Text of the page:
If you listen to the vendors, there’s a technology out there that adds security to your network with a simple configuration step. Super VLANs (or Private VLANs, depending on your network vendor of choice), has been around as a concept for a few years, but it seems now to be sold as a technology according to which type of customer the sales person is talking to.

So where did it come from and what does it actually give you?

The technical details
Suppose you have four servers in a VLAN. You want them (for reasons that we’ll cover later) all to be in one subnet, but at the same time don’t want them to have free network access to each other. You can configure the switch ports, while remaining in the one overall VLAN, to be subdivided so that logically they can’t talk directly to each other.

Take Cisco’s Private VLAN configuration. You set ports up as either isolated, community or promiscuous, within that PVLAN subnet. A promiscuous port, typically the network’s default gateway, can communicate with any other port in that PVLAN. An isolated port can communicate only with that promiscuous port, and a community port can talk to the promiscuous port, or to other ports in the same community.

So a server that is connected to a port set up as an isolated port, can only pass traffic to and from the router that is its default gateway. A couple of devices in the same community can talk to each other and the router, but not the other servers in that PVLAN.

Benefits
Why go to the bother? The reasoning behind this when it was first thought up is explained pretty well in the related RFC (3069 if you’re that keen), ‘Efficient IP Address Aggregation’. This was a feature written for Service Providers, to allow them to host servers for multiple individual corporate customers without having to cope with vast quantities of subnets and the requisite complex subnet masking.

Customers didn’t want their services to be on a network shared with others while ISPs didn’t want to have to create dozens or hundreds of discrete networks to segregate them. SuperVLANs were the answer. One logical subnet, but isolation between devices in any granularity required.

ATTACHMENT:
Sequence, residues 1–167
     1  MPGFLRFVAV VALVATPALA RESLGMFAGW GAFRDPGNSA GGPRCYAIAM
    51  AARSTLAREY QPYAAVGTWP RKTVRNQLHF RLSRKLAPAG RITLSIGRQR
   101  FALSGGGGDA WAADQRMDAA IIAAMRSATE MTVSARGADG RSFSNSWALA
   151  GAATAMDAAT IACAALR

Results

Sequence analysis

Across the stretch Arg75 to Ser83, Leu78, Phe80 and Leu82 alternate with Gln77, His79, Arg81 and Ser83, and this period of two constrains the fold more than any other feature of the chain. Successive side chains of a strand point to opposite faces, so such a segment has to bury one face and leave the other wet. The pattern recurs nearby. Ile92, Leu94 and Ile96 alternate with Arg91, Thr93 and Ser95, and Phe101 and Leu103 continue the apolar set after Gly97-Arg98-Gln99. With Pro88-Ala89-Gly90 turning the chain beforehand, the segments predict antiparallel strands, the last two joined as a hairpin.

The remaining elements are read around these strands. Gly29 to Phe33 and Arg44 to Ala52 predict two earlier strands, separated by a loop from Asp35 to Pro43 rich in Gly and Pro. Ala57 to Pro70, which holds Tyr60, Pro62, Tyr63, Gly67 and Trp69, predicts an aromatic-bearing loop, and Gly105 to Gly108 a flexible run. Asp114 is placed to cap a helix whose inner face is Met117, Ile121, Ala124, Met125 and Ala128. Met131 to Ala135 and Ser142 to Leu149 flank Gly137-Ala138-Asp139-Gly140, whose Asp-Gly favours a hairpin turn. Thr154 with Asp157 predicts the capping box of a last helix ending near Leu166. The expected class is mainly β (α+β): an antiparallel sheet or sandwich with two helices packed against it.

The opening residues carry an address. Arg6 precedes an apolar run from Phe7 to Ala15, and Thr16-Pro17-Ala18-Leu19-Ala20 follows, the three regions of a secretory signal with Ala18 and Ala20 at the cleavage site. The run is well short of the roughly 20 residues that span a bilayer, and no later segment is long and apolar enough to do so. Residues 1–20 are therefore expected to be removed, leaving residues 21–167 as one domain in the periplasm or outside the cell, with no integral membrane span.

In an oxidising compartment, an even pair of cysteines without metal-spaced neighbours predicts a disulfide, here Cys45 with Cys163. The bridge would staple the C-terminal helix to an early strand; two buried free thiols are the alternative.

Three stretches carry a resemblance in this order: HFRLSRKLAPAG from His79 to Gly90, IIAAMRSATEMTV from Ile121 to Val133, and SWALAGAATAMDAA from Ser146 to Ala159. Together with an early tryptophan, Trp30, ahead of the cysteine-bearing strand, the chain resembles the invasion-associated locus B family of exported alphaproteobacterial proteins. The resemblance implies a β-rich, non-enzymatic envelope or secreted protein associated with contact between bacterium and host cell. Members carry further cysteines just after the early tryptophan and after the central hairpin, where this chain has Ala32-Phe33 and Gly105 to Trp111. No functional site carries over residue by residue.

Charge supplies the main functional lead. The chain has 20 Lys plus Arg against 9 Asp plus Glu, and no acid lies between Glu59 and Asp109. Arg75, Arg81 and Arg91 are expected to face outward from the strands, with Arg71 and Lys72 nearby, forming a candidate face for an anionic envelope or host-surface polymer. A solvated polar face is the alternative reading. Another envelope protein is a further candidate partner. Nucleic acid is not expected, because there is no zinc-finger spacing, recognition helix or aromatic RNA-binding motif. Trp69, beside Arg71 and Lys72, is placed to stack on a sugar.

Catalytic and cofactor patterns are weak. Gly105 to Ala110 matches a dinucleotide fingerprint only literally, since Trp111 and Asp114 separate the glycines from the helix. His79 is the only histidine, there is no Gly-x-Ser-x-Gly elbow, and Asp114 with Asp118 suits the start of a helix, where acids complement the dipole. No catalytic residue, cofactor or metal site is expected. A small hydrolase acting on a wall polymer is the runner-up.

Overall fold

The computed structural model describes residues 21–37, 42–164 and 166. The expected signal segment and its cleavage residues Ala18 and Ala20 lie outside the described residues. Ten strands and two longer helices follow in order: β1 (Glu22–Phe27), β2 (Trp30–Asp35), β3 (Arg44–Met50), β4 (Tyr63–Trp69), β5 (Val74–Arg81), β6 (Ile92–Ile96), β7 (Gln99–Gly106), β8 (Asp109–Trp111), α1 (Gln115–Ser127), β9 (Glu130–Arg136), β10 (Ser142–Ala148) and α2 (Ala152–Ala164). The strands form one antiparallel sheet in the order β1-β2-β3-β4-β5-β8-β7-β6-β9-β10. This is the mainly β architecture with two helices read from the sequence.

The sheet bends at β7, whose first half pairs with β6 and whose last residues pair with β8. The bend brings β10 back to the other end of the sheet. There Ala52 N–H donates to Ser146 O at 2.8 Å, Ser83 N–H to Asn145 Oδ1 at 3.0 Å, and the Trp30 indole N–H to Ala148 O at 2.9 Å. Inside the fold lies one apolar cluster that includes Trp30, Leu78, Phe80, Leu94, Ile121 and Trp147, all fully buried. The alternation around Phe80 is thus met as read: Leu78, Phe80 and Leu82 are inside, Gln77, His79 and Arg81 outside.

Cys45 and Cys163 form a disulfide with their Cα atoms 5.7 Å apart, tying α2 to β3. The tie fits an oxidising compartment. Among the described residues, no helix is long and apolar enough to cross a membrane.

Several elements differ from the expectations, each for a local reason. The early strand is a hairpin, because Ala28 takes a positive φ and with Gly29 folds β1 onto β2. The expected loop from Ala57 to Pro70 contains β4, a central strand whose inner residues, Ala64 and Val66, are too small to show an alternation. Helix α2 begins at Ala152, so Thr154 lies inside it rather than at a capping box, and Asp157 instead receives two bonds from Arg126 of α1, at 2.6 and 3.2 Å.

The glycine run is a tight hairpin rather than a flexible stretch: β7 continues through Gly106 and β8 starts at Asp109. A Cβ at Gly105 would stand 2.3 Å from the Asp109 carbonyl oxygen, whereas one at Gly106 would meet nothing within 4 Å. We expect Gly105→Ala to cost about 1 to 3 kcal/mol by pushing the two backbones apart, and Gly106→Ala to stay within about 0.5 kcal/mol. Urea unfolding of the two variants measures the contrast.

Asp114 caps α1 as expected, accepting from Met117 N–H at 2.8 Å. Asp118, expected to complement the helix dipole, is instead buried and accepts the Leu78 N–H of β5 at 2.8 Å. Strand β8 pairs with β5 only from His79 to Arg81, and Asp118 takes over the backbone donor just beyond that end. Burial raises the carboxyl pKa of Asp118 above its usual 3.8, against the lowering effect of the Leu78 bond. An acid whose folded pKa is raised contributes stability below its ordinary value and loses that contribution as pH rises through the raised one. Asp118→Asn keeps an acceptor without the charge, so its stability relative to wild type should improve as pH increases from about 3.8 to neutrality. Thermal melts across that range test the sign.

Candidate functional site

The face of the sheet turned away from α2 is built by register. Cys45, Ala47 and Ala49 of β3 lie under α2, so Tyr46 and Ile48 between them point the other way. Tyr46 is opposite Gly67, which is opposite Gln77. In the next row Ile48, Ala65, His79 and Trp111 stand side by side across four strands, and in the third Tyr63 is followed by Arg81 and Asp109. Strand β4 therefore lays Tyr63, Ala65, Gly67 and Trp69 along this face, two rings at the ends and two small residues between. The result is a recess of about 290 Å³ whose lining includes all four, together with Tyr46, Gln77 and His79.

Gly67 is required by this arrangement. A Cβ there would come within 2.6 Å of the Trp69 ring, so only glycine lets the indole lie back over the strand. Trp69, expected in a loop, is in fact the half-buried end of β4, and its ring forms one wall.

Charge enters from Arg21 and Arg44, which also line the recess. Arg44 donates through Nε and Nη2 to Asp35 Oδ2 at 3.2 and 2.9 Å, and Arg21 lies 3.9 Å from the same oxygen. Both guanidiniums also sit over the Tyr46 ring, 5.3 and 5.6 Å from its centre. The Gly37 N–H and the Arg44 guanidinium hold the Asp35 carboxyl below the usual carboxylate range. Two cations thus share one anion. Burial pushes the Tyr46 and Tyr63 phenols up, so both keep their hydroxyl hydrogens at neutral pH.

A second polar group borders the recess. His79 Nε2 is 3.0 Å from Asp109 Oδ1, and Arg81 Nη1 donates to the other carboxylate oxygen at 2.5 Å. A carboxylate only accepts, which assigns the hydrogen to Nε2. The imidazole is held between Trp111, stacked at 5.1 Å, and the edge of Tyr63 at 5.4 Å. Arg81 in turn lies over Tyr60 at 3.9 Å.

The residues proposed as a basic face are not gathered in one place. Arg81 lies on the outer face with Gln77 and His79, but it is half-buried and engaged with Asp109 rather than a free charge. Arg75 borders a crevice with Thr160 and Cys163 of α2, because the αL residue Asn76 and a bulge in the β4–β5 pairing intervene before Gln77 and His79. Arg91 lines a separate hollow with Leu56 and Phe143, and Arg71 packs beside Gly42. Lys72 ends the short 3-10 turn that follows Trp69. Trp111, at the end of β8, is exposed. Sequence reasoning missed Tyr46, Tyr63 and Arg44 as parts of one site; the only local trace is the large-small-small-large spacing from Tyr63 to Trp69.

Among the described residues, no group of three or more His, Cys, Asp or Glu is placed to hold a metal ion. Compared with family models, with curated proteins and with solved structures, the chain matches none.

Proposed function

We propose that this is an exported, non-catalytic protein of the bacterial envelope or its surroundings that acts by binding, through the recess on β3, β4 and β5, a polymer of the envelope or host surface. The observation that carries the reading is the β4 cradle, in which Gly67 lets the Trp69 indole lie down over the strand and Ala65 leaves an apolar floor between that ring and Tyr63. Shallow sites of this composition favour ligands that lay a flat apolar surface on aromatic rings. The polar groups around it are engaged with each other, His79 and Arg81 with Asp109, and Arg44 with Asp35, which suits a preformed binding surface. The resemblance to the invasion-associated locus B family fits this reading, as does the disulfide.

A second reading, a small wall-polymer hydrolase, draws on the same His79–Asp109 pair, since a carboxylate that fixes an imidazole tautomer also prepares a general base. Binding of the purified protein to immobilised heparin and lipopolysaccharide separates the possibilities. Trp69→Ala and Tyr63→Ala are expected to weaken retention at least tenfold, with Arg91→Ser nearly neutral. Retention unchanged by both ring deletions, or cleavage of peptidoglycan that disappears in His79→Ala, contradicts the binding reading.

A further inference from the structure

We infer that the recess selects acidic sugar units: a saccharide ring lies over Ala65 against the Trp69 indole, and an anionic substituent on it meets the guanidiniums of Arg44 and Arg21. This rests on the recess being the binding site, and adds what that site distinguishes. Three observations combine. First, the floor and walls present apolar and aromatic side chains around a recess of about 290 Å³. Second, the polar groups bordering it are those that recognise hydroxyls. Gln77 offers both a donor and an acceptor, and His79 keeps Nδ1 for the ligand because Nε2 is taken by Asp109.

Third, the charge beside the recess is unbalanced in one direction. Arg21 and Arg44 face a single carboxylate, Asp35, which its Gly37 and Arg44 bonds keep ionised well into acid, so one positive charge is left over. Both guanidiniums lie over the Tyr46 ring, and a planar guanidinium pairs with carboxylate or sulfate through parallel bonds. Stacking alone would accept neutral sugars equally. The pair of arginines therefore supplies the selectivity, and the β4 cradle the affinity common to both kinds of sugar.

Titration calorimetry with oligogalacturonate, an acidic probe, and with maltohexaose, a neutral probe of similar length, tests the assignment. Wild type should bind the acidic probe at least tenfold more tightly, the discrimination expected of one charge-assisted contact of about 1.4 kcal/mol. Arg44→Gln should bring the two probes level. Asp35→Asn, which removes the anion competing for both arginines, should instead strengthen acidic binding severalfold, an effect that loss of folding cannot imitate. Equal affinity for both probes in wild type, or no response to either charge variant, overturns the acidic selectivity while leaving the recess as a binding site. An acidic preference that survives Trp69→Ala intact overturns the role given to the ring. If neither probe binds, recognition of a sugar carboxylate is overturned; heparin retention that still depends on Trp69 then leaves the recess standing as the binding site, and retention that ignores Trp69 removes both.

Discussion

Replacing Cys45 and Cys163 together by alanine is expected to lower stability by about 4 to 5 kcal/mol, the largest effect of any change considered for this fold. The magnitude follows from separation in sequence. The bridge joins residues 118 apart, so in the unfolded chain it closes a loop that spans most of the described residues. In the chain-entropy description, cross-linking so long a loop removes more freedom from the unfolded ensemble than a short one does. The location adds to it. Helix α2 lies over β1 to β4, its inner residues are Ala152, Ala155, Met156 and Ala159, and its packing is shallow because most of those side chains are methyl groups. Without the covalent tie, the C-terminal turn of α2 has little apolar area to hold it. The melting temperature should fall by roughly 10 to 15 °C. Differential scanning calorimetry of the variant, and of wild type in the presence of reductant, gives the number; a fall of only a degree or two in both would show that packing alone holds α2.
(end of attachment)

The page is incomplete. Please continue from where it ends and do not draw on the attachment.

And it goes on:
Security Implications
Since then, the idea has worked well. However over-keen vendors have started selling this technology to enterprise customers too. The need to sell value-add in an effort to add market share has arguably driven the desire to promote the technology in ways not intended in the the original design.

So Private VLANs are now a security mechanism. Isolate your servers in their own mini-VLANs and a hacker who violates one server can’t use it as a jumping off point to all the rest in that subnet.

At a basic level that might be true, but it wasn’t designed from the ground up as a security feature, so should not be thought of as such. We don’t think of basic VLANs as all that secure, so why private VLANs? Okay, VLANs do add a level of security by their very nature, but that is not their prime focus, and if that’s all the security you have in your network, I’d be worried. Similarly with these. A level of security, yes—just be aware of where that level is.

For instance, they are vulnerable to spoofing. A packet sent from a server on an isolated port to another server on another isolated port will not be passed by the switch, true. However, a packet sent from a server to the MAC address of the default gateway will be passed through the switch. If at an IP layer, it’s addressed to another ‘isolated’ server, the router will pass it — it has no reason not to. You need access lists as a minimum, or better, firewalling, to protect against that.

Private VLANs are without doubt a useful tool to have at hand. However they are not a security panacea, and the main danger they pose is in pretending that they are.

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